The good vvomens cryes against the excise of all their commodities. Shewing, as the businesse now stands, they are in no case able to bear such heavy pressures, and insupportable burthens, occasioned by the iuncto's new impost on their wares, whereby they are like to fall into great want of trading, and putting off their commodities at the prizes formerly, to the utter undoing of their deare husbands and families for ever. Therefore having a fellow-feeling of one anothers lamentable and languishing cases, (notwithstanding any act to the contrary) have put forwards themselves to seeke redresse of their aggrievances, and inabilities of their over-burthened husbands insufficiencies, and unsatisfying performances in their severall occupations; have convened together in a feminine convention in Doe-little-lane, and tendred their aggrievances and complaints to the consideration of the Common-wealth; desiring speedy redresse therein. /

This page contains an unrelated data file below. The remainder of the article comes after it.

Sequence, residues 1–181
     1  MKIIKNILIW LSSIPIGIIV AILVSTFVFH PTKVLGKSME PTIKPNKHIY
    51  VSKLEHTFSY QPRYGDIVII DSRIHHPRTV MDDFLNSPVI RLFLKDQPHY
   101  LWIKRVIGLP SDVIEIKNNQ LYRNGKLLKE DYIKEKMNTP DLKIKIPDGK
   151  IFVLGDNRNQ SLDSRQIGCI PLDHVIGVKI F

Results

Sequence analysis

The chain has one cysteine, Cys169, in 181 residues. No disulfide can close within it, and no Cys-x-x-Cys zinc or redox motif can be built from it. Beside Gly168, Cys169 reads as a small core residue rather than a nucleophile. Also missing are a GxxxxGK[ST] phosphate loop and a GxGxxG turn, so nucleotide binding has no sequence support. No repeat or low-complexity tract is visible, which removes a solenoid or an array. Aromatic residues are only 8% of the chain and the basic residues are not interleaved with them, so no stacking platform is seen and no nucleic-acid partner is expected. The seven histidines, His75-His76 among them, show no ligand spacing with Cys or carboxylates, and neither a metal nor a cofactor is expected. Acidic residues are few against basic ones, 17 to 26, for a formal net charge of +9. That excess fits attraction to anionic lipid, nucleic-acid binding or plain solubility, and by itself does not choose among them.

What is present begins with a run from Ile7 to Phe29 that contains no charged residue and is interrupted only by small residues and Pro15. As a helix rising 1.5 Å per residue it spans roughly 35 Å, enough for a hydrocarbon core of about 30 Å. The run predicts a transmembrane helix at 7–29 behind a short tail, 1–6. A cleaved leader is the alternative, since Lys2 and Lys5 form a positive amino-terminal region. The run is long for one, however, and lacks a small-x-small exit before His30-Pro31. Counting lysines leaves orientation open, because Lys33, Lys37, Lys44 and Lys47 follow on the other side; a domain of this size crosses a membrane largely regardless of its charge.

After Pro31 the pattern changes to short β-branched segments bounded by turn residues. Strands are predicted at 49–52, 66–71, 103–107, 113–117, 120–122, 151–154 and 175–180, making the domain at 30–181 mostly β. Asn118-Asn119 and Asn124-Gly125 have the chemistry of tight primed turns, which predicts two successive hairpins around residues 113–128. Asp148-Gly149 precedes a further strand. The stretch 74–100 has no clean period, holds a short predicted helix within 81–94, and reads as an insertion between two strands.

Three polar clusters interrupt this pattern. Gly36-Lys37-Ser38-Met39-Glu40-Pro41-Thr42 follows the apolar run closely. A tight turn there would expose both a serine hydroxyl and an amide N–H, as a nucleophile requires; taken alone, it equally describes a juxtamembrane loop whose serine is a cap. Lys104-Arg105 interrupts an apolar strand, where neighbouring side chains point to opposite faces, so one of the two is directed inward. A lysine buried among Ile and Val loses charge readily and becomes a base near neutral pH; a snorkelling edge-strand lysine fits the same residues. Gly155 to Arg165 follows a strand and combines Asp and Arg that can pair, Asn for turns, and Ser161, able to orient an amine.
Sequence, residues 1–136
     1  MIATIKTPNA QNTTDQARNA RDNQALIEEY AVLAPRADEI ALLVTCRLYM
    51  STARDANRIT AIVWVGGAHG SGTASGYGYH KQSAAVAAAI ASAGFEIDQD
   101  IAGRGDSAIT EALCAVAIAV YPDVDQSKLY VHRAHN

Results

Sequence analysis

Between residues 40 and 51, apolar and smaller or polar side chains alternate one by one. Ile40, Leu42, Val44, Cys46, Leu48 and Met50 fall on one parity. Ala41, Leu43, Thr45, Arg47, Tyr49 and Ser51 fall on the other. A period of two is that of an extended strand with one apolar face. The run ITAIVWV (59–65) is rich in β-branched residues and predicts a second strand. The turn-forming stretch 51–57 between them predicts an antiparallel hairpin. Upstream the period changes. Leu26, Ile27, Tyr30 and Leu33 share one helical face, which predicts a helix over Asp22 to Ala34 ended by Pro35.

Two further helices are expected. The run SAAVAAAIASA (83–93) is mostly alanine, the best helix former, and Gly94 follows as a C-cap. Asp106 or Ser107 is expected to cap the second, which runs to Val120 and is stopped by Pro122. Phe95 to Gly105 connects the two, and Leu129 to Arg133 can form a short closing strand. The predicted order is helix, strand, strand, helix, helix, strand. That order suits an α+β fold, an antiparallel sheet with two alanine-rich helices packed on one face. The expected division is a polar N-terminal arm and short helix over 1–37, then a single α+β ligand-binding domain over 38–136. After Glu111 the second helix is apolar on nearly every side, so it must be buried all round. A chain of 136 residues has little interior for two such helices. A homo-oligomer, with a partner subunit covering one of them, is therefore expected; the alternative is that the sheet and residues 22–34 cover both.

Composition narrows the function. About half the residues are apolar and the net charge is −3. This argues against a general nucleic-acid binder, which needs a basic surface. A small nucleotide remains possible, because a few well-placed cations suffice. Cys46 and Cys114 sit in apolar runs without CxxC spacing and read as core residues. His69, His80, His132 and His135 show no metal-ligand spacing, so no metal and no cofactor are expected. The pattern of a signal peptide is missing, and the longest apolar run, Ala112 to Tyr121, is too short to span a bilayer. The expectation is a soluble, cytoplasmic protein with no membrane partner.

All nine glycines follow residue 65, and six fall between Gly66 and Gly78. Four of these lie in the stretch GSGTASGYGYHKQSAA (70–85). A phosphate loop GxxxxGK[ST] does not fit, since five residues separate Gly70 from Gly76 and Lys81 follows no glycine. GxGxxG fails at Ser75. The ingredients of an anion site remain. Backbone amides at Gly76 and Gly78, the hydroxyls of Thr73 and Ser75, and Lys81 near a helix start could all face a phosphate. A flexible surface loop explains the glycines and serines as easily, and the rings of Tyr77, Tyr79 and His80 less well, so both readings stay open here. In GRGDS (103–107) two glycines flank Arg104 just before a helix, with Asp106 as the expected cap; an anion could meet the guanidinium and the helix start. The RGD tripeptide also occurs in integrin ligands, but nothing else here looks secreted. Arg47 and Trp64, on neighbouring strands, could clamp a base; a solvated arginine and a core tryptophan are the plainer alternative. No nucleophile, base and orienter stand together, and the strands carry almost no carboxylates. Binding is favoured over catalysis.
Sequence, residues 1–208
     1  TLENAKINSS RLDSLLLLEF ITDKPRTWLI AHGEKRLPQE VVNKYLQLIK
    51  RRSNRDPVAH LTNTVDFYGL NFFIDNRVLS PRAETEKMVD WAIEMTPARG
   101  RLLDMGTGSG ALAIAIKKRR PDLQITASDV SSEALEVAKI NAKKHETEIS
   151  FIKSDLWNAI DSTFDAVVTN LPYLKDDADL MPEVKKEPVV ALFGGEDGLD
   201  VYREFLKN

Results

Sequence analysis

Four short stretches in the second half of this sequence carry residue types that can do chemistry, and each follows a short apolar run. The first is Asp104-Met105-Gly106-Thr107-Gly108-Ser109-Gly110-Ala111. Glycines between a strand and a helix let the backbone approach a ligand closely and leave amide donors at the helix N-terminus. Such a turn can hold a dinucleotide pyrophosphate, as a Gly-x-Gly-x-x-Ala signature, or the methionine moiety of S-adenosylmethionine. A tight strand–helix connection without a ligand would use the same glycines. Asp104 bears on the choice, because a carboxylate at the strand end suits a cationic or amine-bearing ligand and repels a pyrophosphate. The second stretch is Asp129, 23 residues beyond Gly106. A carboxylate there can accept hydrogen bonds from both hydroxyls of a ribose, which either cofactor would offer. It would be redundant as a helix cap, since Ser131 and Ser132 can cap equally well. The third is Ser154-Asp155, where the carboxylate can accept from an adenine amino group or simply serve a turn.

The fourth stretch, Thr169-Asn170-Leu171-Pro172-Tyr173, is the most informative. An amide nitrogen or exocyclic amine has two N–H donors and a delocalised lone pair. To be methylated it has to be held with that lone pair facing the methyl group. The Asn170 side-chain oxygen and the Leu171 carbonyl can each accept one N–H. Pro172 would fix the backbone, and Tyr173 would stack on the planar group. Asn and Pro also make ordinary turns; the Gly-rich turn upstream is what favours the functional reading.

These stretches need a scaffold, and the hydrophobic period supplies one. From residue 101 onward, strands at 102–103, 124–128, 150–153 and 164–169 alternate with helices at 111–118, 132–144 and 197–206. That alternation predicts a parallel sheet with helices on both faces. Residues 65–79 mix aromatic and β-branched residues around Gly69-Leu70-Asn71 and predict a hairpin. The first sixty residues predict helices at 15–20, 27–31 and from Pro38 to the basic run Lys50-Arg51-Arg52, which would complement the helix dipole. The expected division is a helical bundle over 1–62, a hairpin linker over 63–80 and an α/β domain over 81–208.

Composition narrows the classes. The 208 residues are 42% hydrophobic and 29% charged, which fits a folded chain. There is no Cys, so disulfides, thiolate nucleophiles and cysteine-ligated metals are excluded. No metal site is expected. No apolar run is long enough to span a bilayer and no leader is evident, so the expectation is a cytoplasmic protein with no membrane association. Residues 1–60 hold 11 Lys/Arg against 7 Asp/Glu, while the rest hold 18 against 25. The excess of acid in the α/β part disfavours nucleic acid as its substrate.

|Main Author:||Stiff, Mary.|
|Corporate Author:||Early English Books Online.|
Printed at the signe of the Hornes in Queen-street, neere my Lord Fairfax's house, and are to be sold at the Dildoe in Distaffe-Lane,
Early English books online.
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